A pair of recent surveys suggests surprising support for fair value accounting standards, at least if such standards are used in addition to the current methodology that relies on amortized cost. The results of the two surveys, one conducted by PricewaterhouseCoopers and one by Grant Thornton, could bolster the drive by the Financial Accounting Standards Board (FASB) to require fair value reporting for all financial instruments.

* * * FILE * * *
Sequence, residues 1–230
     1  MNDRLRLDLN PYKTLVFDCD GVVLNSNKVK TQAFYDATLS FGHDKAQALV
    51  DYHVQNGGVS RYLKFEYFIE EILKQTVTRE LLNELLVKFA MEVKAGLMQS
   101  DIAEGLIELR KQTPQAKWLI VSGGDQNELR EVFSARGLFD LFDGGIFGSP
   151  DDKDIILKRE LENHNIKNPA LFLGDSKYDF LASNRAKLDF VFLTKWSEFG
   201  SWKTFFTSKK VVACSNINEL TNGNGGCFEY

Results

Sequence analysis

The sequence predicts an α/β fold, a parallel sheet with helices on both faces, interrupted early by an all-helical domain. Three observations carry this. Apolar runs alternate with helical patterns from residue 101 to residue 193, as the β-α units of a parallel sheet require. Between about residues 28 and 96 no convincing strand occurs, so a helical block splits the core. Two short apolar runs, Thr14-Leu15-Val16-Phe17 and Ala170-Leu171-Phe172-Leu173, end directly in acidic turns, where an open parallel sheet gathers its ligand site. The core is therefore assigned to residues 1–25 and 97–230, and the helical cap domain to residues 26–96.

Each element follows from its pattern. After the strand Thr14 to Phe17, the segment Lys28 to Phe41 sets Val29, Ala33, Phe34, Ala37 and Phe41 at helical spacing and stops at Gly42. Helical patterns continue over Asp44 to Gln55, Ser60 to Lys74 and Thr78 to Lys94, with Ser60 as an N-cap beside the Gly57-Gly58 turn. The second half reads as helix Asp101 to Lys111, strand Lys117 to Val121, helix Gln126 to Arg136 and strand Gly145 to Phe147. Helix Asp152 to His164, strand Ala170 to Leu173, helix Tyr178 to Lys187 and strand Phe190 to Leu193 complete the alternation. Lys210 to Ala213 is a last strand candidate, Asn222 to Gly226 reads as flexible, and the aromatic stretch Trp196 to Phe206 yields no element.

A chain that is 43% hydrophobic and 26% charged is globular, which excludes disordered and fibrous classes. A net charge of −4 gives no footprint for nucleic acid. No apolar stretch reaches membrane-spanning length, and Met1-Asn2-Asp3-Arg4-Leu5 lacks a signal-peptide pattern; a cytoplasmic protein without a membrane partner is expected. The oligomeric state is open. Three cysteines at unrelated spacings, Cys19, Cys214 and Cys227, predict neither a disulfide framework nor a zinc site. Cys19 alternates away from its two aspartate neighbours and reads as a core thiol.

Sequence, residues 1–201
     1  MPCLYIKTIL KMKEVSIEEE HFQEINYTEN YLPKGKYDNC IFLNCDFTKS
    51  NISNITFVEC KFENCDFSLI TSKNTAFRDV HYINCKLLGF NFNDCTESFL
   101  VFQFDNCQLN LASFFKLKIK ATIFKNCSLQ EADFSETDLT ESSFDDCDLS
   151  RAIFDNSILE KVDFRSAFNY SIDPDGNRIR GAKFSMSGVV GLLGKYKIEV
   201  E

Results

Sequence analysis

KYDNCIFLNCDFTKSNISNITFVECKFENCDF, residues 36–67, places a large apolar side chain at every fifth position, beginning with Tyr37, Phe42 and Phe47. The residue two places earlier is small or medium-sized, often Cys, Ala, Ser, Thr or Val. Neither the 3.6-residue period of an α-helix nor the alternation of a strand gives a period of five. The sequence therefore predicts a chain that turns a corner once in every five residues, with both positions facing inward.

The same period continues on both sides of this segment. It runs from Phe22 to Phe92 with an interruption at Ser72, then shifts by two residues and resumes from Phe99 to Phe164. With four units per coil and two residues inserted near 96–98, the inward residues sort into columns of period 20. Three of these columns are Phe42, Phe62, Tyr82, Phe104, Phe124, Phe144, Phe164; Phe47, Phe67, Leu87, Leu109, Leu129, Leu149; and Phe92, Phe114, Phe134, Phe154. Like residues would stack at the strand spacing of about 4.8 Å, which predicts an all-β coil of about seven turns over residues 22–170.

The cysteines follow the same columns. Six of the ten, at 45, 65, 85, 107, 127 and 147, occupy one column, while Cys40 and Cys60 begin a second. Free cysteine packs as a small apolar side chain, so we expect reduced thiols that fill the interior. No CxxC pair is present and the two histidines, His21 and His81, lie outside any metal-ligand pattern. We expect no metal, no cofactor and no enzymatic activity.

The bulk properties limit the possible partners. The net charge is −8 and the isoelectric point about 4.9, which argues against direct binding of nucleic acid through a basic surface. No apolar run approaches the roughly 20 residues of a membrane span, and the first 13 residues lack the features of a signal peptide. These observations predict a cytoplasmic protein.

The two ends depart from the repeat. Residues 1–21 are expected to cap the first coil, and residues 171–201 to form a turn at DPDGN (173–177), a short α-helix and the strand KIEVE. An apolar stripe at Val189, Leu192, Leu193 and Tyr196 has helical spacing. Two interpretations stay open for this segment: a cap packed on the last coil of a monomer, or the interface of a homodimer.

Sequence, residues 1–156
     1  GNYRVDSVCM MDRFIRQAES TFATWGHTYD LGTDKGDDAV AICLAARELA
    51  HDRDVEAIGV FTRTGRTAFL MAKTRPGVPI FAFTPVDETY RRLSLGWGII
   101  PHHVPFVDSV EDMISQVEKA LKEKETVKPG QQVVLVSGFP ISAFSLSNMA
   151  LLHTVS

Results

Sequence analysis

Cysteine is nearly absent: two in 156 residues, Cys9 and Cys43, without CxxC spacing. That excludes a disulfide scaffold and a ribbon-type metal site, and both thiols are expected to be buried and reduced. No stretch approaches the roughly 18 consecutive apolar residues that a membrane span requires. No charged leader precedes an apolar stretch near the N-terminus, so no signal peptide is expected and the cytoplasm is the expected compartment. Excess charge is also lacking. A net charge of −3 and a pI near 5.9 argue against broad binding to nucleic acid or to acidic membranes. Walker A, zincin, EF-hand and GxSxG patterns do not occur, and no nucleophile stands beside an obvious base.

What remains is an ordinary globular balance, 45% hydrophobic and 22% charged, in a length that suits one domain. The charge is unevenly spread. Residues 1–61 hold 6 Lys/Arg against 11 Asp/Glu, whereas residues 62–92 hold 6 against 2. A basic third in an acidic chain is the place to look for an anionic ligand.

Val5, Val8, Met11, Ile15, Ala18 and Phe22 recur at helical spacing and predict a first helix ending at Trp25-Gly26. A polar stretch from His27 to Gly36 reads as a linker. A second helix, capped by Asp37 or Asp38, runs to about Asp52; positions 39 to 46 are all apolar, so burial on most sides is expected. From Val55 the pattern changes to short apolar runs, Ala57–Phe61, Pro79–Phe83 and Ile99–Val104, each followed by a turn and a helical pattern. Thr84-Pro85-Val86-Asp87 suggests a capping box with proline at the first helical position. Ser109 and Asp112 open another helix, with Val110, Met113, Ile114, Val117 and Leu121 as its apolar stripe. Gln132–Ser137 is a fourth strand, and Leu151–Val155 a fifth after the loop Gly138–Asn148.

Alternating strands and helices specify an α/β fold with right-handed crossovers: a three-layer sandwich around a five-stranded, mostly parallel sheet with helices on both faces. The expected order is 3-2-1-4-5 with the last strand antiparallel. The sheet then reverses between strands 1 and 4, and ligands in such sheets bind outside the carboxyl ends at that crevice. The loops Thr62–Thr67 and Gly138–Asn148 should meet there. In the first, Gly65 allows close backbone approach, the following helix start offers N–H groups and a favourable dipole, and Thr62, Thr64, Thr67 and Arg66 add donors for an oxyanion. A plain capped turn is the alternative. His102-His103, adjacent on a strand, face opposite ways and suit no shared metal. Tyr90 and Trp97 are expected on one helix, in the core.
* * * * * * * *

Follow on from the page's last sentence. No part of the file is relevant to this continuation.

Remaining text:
The Grant Thornton survey of CFOS and senior controllers at nearly 500 large public companies found that 63%, or almost two out of three, favor using fair value to account for assets on the balance sheet. Of that group, roughly 60% favor providing both fair value and amortized cost, while 40% say they'd go with fair value only. Just 37% of the finance executives say they favor using solely an amortized cost accounting methodology for the balance sheet.